The best path to not catch this dangerous illness is to have our nation shift to the proven strategy of Identify all Infected, and Isolate all Infected.   But there is no indication we are about to accept this approach which has allowed 49 other nations that have to stop the spread of this virus substantially.

So, we must assume this summer that the SARS-CoV-2 virus is all over and that being together with people will put you at risk for coming down with COVID-19, the more people, the closer the space, the more indoors, the higher the risk.

What to do???

  1. Minimize the number of people you come into contact with.  The ultimate step in this direction is to remain in lockdown, isolated at home.
  2. If you do go out, try to avoid crowds, particularly indoor.
  3. If you do go out, no matter where you are, with one other person, with a crowd, indoor, or outdoor, stay 6 feet apart.  We now know this works.   In an actual exposure situation, 6 feet of distance drops your chance of getting this disease by about 75%!
  4. If you do go out, no matter where you are, with one other person, with a crowd, indoor, or outdoor, wear a mask.  We now know this works.   In an actual exposure situation, wearing a mask can drop your chance of getting this disease by as much as 80%!
  5.  If you  do go out, no matter where you are, with one other person, with a crowd, indoor, or outdoor, consider wearing eye covering, even plain glasses or goggles.  We now know this works.   In an actual exposure situation, wearing eye protection can drop your chance of getting this disease by as much as 66%!

What about getting together with friends or family or play dates?

This is a very common worry and question right now.  I like the approach of counting risk, specifically, trying to guess, if I get together with this person, how will the number of people I am contacting go up?    You might ask, if my 6 year old’s next door neighbor 6 year old comes over to play, isn’t that just one more contact?  Almost surely no.

By counting contacts we mean counting all the people that one person coming over might have been within 6 feet and without a mask, outside of a long isolated home.

That number might be 0.  A household that has truly had no contact with anyone outside that home for over 14 days carries close to a zero risk of having anyone contagious for COVID-19.  Not zero because this virus might circulate in the air across large distances, but not much.  So anyone visiting you from such a home brings along, essentially, 0 possible infection contacts.

That number might be 50.  A household may have a parent who works in a small office, say with 5 people in it.  Each of those 5 people, we can guess, may be in contact with about 10 others, so anyone visiting from that household will bring 50 contacts with them.

That number might be 7,200.  One 29 year old man in South Korea was found to be COVID positive after visiting 3 nightclubs one Saturday night.  By Sunday, they traced all his contacts and all their contacts, the total came to 7,200.  And over 100 were infected!  These 7,200 likely included many who did not come within 6 feet of the first person, but you get the idea.  So if someone comes over who has been in large crowds, the number of people who possibly could have infected that person could skyrocket.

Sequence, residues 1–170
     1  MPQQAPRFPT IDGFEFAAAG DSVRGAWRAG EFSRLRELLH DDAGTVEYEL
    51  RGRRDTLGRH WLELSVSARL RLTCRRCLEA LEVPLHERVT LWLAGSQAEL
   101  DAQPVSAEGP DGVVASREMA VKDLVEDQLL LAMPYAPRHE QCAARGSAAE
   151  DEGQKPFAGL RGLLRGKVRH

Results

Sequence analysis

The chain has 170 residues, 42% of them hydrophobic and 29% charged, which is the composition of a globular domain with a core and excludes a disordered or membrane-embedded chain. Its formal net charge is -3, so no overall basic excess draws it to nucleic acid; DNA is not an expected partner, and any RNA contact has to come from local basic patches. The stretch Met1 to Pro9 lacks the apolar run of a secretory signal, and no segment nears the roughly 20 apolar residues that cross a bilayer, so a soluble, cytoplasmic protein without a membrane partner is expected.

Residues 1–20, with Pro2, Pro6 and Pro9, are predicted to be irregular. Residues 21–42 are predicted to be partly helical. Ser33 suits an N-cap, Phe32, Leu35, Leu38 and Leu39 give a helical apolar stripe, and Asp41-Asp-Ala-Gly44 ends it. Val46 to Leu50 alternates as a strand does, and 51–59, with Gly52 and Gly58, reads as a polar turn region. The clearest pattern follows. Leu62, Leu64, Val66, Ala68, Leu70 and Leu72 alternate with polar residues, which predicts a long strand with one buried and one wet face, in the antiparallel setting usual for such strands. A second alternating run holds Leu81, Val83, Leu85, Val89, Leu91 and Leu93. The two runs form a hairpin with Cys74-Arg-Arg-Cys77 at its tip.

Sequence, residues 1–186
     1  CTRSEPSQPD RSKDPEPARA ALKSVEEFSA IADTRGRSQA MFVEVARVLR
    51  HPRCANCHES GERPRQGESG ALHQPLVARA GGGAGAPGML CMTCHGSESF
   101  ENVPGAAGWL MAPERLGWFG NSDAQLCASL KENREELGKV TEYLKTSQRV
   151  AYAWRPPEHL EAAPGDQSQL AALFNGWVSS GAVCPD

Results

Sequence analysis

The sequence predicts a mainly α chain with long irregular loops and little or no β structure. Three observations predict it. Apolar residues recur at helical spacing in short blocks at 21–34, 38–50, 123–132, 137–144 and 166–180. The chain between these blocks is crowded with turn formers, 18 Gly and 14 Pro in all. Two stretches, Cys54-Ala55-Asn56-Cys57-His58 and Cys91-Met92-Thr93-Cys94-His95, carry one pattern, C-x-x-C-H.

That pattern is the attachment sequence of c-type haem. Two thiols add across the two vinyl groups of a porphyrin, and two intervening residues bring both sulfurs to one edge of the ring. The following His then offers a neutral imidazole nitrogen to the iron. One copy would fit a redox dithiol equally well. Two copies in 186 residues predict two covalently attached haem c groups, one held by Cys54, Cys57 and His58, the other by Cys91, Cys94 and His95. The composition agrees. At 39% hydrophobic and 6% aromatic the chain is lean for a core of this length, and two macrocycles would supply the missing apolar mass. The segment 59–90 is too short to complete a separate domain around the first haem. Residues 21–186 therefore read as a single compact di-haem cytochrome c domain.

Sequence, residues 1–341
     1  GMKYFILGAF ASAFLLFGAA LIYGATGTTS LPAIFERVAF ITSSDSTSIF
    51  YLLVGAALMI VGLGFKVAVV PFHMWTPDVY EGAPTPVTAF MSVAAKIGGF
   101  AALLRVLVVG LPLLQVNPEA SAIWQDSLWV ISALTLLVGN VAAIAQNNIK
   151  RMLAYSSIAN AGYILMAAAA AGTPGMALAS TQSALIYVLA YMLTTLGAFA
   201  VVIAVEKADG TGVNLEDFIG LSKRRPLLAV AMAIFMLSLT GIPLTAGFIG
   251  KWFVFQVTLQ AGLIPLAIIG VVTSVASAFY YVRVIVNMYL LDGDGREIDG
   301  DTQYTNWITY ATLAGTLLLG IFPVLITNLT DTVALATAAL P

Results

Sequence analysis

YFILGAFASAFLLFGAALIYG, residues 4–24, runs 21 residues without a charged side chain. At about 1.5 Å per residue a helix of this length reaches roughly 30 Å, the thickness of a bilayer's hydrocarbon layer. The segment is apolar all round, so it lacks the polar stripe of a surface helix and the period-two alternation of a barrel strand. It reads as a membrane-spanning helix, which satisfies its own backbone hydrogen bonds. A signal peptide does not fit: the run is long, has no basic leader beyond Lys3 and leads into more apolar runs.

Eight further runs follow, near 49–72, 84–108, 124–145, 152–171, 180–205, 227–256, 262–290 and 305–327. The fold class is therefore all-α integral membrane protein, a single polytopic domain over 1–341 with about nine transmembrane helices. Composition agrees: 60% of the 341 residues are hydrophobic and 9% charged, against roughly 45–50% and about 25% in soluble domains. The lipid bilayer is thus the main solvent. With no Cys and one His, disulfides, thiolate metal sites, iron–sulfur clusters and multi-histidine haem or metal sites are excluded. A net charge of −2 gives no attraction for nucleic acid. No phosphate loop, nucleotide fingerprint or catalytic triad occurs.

So for now, we recommend that if you go visit, or if someone comes to visit, you try to limit it to people with a rough sense of having a low number of contacts they are bringing to you and your family.

One good example would be two households that have sustained effective isolation for over two weeks, their contact number is close to zero and so anyone getting together from these two homes would be safe in doing so.

Severity

The severity of COVID-19 remains the same.  Remember, it has two faces.  One is very mild, at least half infected won’t even get sick at all, no big deal.   But the other face is deadly, even today about 2,000 Americans are dying every day from this virus.  It is spreading, more and more in 20 states, and the danger is far from past.

Diagnosis

The diagnosis remains challenging.

The swabs detect virus present at the time of the test.  They are wrong about 30% of the time in the direction of false negative, and tend to be more wrong the longer it has been since you got infected.   But swabs are the best test now available to see if you are actively infected today, they are now more widely available.  Adults over 18 can get them on their own at Rite-Aide and CVS.

The antibody test technology is not yet reliable and not widely available outside of inpatient use.

Treatment

No cures or complete prevention are available at this time.

BOTTOM LINES

  1. COVID-19 continues to spread across the US and will for some time, unless we adopt the proven strategy of finding as many infected as possible and isolating until no longer contagious.
  2.   In the meantime, it remains urgent to avoid getting infected.
  3.   The best approach in the US is to remain as isolated as possible.
  4.   If together with people we now know that staying 6 or more feet apart, wearing a mask, and even wearing eye cover is effective in substantially dropping the chance of catching it if exposed.
  5.   When getting together at homes, try to estimate the contact count that will increase for each get together and try to limit get togethers to low contact count risks.
  6.   Outdoors is so much less risky than indoors.

We at Advanced Pediatrics continue to hope everyone stays well through this very dangerous pandemic, and that our towns, communities, and nation does also find a path forward to live together in peace and mutual appreciation.

To your health,
Dr. Arthur Lavin